Structure of an Essay Introduction (10% of total words) § Gains the reader’s attention § Provides brief background material about the meaning, context & significance of the topic. Includes definitions of keywords if necessary. § Identifies the 'gap', problem or issue outlined in the question. Gives the reader some understanding of the order in which the ideas in the essay will be presented. § Clearly identifies the author's point of view in a thesis statement.
The body of an essay (100 200 words each paragraph) § Your argument is developed through paragraphs. Each paragraph should contain only one main idea, as stated by the topic sentence. § Each paragraph supports the main idea by explaining the issue, and providing evidence eg quotes, statistics, facts, examples, case studies. § Decide how many points you wish to make and in what order. § Link the paragraphs together. § Make sure paragraphs follow in logical sequence (as promised in the Introduction) so that the essay flows towards the conclusion.
link Topic sentence
link Topic sentence
The conclusion (10% of total words) § § § §
Sum up your main points. Tie these back to the thesis statement. Avoid adding new material or using quotes. Possibly comment or make recommendations for further discussion of topic.
Include your reference list or bibliography
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Sample Essay INTRODUCTION: broad opening; setting scene, defining issue, introducing key concepts Thesis Statement: outlining essay shape + author’s opinion
BODY: Part 1: Topic sentence introducing 1st part of argument
Part 2: Topic sentence Introducing 2nd part of argument + link from previous para
The Role of Computers in Modern Society In existence for only a few decades, personal computers have had a major impact on modern society, especially in the fields of commerce, education and leisure. It is now impossible to imagine engaging in business or learning activities without computers, but their value as a form of entertainment is more questionable. The business world has become increasingly competitive, with speed of the utmost importance. Before computers, tasks such as bookkeeping, liaising with clients, suppliers and manufacturers and filing information were timeconsuming and inefficient. Nowadays, software has revolutionised accounting practice (Williams et al., 2003), electronic messages are transmitted across the globe in seconds, and “countless millions of bytes of data” (Chen, 2007, p. B4) can be stored and accessed almost immediately. Education has also benefited from the computer’s ability to manage vast amounts of information. Scientists and scholars use computers for calculations and simulation programs that would have been impossible in the past, while students can research and study online. Indeed, according to Samson (2004), selfdirected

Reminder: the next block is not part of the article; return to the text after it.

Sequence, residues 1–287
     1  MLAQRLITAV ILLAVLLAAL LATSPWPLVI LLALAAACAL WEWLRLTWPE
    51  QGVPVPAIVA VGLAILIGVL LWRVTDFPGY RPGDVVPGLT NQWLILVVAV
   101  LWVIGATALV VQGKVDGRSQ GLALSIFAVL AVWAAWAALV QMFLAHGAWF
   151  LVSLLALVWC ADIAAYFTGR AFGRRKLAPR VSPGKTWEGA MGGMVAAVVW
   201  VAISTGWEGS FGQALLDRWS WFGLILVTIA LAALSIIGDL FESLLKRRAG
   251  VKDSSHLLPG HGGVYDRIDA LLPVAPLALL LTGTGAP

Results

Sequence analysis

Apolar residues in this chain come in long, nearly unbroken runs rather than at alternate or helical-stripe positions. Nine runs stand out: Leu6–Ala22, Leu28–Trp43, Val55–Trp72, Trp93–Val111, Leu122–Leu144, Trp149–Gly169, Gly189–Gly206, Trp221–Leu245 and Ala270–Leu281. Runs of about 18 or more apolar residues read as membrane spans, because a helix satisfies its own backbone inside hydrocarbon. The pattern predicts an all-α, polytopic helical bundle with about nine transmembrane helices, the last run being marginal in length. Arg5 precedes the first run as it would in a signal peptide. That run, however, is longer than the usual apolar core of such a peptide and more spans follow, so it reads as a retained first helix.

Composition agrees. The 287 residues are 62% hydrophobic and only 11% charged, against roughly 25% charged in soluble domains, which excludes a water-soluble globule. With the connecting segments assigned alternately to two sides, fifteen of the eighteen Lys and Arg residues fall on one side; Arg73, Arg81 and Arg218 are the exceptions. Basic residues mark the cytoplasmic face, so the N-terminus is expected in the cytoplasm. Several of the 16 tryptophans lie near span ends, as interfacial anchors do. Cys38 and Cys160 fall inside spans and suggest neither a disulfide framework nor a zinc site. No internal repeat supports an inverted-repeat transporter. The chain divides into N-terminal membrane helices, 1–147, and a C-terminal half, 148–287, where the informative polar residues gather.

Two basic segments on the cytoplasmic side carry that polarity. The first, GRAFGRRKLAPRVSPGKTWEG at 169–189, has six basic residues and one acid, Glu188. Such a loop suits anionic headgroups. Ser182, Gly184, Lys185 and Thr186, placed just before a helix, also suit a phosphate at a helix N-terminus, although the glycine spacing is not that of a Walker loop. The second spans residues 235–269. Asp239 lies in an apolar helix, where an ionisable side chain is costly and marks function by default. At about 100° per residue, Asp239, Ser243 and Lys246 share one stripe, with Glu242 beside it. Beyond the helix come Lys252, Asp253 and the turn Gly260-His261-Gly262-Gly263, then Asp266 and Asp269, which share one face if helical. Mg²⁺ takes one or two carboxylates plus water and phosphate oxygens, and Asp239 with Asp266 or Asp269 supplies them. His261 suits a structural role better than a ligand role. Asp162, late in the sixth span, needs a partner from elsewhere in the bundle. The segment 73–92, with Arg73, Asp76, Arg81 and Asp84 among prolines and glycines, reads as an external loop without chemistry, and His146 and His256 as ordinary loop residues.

learning programmes often prove more stimulating than traditional forms of instruction.
Part 3: Topic sentence introducing 3rd part of argument + link from previous para
For this reason, many young people regard computers as a form of entertainment rather than a learning tool. Parents and educators express concerns
CONCLUSION: summarising each part of argument, recapping thesis statement, opening discussion out again
that children who spend hours surfing the net may not learn to socialise with others. (Holby, 1999). A number of recent studies (Aitkens, Jackson & Green, 2001; Erricsen, 2006; Shaw & Reid, 2000) suggest that adolescents who regularly engage in ‘virtual reality’ or online gaming communities often experience difficulty interacting with their peers in the real world. Therefore, while computers undoubtedly make a significant contribution in terms of business transactions, scientific research and the delivery of educational materials, their role as a primary source of entertainment, especially by the young, is far less beneficial, and should be closely monitored.
REFERENCE LIST Alphabetical list of full bibliographic details, formatted according to the referencing style recommended by your School (in this case, APA)
References: Aitkens, S; Jackson, W.R., & Green, B. T. (2001). Perceptions of reality: Virtual versus ‘real’. Adolescence 103 (2): 159163. Chen, P.Y. (2007, May 15). Unlimited potential for online capacity. Dominion Post, p. B4. Erricsen, P. (2006). Surfing the net. In D. Faber (ed.). Trends in twentieth century youth culture (4551), Oxford: Oxford University Press. Holby, G.A. (1999). Caught in the worldwideweb. New York, NY: Wheatsheaf. Samson, A.J. (2004). Teaching online. Retrieved July 11, 2007, from http://www.educationdebate.com. Shaw, P. & Reid, W.D. (2000). In a world of their own? A survey of 1,000 US college students’ online gaming patterns. Cyberworld 23 (2): 6671. Williams, C.R. Jackson, P, Howell, B. R, Thompson, A.S. & Brown, D. (Eds.) (2003). Accounting through the ages. London: McMillan.
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